San Diego Asks for Federal Aid as Border Patrol Flies in Hundreds of Migrants From Texas

1 min
Migrants stand while being detained by U.S. Border Patrol, after crossing the U.S.-Mexico border barrier on May 17, 2019 in El Paso, Texas. (Mario Tama/Getty Images)

San Diego officials asked for additional resources from the federal government on Monday to help deal with hundreds of migrant families expected to be flown to San Diego from Texas in the coming weeks.

U.S. Customs and Border Protection officials announced Friday that they would begin sending flights of between 120 and 135 migrants to San Diego from the Rio Grande Valley, saying Border Patrol stations there are overwhelmed by a surge in migrant apprehensions.

The flights began last week, and the agency said it is planning three such flights per week going forward.

San Diego County Supervisor Dianne Jacob said in an email she was "deeply concerned" that the additional migrants flown to San Diego would put an even greater strain on local nonprofits and taxpayers.

"Immigration is clearly the responsibility of the federal government, but now it's sticking San Diego County with the bill," Jacob said. "Since the opening of an emergency shelter downtown in October, the county has had to spend nearly $2 million to screen and process some 14,000 asylum seekers. Local taxpayers should not be on the hook for this."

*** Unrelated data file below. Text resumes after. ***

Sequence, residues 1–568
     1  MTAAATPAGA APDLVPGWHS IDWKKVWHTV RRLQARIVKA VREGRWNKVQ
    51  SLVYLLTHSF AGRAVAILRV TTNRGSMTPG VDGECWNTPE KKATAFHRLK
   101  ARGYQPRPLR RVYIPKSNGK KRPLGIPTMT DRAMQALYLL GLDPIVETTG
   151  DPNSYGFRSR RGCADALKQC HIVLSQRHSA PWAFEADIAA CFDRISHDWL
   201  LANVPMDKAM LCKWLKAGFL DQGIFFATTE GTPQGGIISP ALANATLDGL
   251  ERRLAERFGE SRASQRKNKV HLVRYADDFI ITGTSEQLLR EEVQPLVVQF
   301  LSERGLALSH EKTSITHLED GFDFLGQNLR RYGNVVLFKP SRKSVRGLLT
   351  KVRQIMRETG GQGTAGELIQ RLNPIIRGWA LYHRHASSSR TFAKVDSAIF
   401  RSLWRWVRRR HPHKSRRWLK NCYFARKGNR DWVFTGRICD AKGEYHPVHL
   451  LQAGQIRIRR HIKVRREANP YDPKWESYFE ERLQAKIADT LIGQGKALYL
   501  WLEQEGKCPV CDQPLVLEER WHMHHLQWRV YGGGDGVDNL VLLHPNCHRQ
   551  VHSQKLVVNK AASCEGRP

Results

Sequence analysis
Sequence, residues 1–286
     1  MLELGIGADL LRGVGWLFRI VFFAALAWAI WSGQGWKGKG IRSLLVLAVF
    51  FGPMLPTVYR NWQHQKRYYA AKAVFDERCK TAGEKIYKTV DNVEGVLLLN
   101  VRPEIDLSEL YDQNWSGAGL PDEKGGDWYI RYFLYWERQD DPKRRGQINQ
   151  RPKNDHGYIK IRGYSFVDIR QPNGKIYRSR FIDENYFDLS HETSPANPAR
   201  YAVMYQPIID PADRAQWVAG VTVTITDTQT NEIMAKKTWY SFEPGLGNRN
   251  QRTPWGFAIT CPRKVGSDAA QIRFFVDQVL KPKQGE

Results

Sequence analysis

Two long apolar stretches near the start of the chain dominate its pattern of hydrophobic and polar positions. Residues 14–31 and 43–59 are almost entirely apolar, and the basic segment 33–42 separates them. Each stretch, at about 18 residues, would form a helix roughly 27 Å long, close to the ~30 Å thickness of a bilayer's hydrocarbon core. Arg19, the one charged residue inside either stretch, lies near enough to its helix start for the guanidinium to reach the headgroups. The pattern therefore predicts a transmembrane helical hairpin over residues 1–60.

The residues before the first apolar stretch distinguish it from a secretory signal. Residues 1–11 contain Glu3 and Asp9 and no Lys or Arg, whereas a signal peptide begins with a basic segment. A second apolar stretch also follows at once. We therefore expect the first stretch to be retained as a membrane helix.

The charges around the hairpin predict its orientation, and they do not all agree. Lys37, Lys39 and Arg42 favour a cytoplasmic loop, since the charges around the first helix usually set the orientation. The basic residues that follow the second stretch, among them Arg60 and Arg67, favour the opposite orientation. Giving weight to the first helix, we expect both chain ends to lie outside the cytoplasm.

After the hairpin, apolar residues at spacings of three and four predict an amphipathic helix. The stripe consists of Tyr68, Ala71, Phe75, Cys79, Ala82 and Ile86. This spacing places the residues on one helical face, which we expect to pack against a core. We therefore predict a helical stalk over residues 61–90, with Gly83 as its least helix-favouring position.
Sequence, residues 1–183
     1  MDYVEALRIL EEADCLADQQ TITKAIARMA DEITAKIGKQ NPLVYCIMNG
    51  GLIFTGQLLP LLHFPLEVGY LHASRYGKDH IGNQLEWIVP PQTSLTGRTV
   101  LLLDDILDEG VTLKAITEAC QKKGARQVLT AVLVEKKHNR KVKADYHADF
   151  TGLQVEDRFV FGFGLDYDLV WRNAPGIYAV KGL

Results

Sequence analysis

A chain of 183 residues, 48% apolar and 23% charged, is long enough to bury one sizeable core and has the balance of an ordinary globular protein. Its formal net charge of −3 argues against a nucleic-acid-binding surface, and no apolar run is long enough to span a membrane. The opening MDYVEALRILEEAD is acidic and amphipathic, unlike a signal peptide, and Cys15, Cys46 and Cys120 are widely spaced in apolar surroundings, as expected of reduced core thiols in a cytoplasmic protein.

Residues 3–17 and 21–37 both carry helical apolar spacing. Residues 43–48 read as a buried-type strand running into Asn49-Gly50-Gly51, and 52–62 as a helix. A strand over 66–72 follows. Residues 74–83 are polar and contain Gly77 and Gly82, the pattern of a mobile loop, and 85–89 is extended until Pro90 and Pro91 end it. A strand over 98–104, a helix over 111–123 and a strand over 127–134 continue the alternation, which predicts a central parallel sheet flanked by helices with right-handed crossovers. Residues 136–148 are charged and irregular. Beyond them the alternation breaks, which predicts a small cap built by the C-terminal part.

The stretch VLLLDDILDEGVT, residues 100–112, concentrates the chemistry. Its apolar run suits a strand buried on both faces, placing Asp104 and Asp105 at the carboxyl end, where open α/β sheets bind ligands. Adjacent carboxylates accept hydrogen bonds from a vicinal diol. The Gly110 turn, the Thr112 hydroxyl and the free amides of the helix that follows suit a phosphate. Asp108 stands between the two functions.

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Since last fall, a group of nonprofits operating as the San Diego Rapid Response Network has been operating a temporary shelter for migrants released from federal custody. The shelter is funded in part by county and state dollars.

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County Supervisor Nathan Fletcher released a statement on Friday saying the county would continue to do everything it could to help the families being flown to San Diego.

"Donald Trump has manufactured this immigration crisis to drive his political agenda," Fletcher said. "His inability to lead has put undue burden on local communities. We stand ready to help immigrants and protect the public's health."

Mayor Kevin Faulconer said Monday the shelter's operators were doing "tremendous work" under difficult circumstances, and that they should be getting federal resources.

"It's incredibly important that the federal government jump in and ... provide help and support, and that is the message that I will continue to be advocating in Washington, D.C.," Faulconer said.

The flights to San Diego, which are operated by U.S. Immigration and Customs Enforcement, are part of a larger policy to transport migrants held on suspicion of illegal entry into the United States to sectors with excess capacity.

ICE is also transporting migrants by bus from the Yuma Sector to the El Centro Sector, and from the Rio Grande Valley Sector to the Laredo Sector.

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